However, the SEC giveth and the SEC taketh away. First, this isn’t really a rule, just a pledge by the SEC. The anti-integration language does not appear anywhere in the rules themselves; it’s only in the release discussing the rules. Other integration safe harbors, such as Rule 251(c) of Regulation A and Rule 502(a) of Regulation D, appear in the rules. It’s not clear why the SEC was unwilling to write an integration provision into the crowdfunding rules, but an actual rule would provide much more comfort to issuers than the SEC’s bare promise.
And, unfortunately, the SEC doesn’t stop with the broad anti-integration pledge. It adds (pp. 18-19) that
An issuer conducting a concurrent exempt offering for which general solicitation is not permitted, however, would need to be satisfied that purchasers in that offering were not solicited by means of the offering made in reliance on Section 4(a)(6). Similarly, any concurrent exempt offering for which general solicitation is permitted could not include an advertisement of the terms of the offering made in reliance on Section 4(a)(6) that would not be permitted under Section 4(a)(6) and the proposed rules.
These qualifications may prove particularly mischievous. Assume, for example, that an issuer is offering securities pursuant to section 4(a)(6) and, around the same time, offering securities pursuant to Rule 506(b), which prohibits general solicitation. The issuer would have to verify that none of the accredited investors in the Rule 506(b) offering saw the offering on the crowdfunding platform. Since crowdfunding platforms are open to the general public, that might be difficult.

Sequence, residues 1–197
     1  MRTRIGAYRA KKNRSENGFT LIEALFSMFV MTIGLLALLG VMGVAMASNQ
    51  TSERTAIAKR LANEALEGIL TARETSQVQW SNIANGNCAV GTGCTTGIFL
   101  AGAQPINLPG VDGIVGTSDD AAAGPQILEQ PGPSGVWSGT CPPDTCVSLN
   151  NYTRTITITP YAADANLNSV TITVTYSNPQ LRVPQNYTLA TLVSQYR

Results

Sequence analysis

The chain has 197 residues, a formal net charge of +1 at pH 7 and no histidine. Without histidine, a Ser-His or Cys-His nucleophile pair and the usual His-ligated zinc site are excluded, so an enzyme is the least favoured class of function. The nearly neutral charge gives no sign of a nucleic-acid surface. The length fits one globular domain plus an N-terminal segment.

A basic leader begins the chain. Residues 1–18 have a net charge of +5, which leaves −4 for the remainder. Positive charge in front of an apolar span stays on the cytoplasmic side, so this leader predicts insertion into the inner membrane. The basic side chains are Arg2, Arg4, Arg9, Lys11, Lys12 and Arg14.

As a result of the second sentence quoted above, there’s also a potential problem in the other direction. Assume that an issuer is simultaneously offering the same securities pursuant to both section 4(a)(6) and Rule 506(c). Rule 506(c) allows unlimited general solicitation, but the crowdfunding rules severely limit what an issuer and others may say about the offering outside the crowdfunding platform. The SEC seems to be saying that a public solicitation under Rule 506(c) would bar the issuer from using the crowdfunding exemption to sell the same securities. Since the same securities are involved in both offerings, the 506(c) solicitation would arguably “include an advertisement of the terms of the offering made in reliance on Section 4(a)(6).”
Double-Door Offerings Redux
Before the SEC released the crowdfunding rules, I questioned whether “double-door” offerings using the crowdfunding exemption and the new Rule 506(c) exemption were viable. I posited a single web site that sold the same securities (1) to accredited investors pursuant to Rule 506(c) and (2) to the general public pursuant to the crowdfunding exemption. I concluded that, because of the integration doctrine, such offerings were impossible. The SEC anti-integration promise may change that result, if the SEC really means what it says.